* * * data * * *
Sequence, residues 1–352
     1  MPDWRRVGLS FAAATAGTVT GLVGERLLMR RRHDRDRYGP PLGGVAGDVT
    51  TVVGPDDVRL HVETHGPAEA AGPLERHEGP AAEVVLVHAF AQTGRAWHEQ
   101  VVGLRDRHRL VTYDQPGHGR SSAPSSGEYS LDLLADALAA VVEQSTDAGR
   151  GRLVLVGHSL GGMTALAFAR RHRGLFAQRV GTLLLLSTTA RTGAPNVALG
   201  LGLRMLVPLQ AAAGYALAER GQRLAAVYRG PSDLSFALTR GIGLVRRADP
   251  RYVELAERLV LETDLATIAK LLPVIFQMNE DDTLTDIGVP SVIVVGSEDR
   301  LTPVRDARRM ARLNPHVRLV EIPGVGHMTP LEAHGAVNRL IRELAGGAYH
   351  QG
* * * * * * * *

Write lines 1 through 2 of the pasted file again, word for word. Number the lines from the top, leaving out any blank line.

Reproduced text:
Sequence, residues 1–352
     1  MPDWRRVGLS FAAATAGTVT GLVGERLLMR RRHDRDRYGP PLGGVAGDVT